Posted on June 30, 2013
What lies across the border?
Looking into the DRPK from across the Yalu River (鸭绿江), I was met with a beautiful sight of a bridge from a thriving Chinese society venturing ahead into a shrouded mist of mystery, taking the question of “what lies beyond the DPRK border?” and putting it into physical form.
A perfect scene to contemplate the question: “Why is this enigmatic land hidden from the modern world in blankets of fog and misunderstandings?”
Granted, it was a little after 5:00am in the morning, so if it wasn’t for this photo I would have shrugged off this vision and marked it up as another strange dream, fuel by a little Chinese vodka (白酒) the night before. However, the morning chill and the coffee in my hand were awakening my curiosity as I peered at this scene. It felt as though I was entering a fantasy.
Awake and heading into a new ‘Heart of Darkness‘ as Joseph Conrad once coined. With a few biased expectations in my pocket and a building excitement that either the beliefs I currently held of the DPRK were true, or perhaps there was more to the story that was not visible through the fog.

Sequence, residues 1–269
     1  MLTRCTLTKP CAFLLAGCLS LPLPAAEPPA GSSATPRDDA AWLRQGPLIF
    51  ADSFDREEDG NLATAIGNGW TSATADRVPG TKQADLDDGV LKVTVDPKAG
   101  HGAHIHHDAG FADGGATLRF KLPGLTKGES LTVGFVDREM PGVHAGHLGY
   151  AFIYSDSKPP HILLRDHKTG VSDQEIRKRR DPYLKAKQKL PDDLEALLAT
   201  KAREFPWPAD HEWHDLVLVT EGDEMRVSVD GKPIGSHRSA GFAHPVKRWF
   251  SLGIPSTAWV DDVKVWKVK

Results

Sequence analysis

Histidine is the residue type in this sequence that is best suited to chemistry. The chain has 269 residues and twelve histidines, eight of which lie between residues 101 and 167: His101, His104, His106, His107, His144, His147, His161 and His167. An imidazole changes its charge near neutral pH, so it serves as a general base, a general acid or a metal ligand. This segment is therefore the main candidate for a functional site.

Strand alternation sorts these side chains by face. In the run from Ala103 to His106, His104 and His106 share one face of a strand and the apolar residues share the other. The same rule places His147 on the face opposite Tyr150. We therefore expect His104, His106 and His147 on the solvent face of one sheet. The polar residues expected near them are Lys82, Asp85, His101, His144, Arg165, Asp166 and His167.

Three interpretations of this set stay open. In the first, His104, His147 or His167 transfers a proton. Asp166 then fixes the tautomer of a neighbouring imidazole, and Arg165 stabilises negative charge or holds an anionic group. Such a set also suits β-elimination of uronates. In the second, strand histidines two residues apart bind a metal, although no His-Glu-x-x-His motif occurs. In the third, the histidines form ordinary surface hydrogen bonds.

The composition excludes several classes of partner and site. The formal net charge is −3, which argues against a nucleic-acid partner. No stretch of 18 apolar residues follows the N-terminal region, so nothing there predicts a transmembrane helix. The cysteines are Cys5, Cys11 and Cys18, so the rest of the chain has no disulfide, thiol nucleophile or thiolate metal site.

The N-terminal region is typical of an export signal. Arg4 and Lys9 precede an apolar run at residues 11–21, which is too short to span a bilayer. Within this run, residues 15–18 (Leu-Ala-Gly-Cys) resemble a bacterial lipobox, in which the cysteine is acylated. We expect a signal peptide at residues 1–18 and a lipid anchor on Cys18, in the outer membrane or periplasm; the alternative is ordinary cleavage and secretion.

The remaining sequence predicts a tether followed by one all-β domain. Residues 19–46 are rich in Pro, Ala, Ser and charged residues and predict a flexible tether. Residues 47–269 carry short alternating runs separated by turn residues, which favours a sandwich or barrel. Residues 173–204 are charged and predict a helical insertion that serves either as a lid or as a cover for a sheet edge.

Speaking of fantasy, little did I know that in my first full day in the DPRK, one of my oldest fantasies would come true: acting. One thing I should state very clearly, if you detest acting, then it is perhaps wise you do not travel to the DPRK.
My reason for stating this is that the DPRK custom is for all foreign guests to show respect for their ‘Dear Leaders’ often in the form of bowing before statues of their likeness. It is my assumption that you may have a different impression of the ‘Dear Leaders’ than your hosts, as I did, and thus the need for acting.
The best example of this is at the Mansudae Grand Monument, a place every foreign visitor must visit and pay respects to Kim Il Sung and Kim Jong Il. It was moments like these that I would guess that even Richard Burton would be jealous of my performance. Choose whichever Richard Burton fits your picture…the American actor or the British adventurer, Richard Francis Burton. I’d go with the adventurer.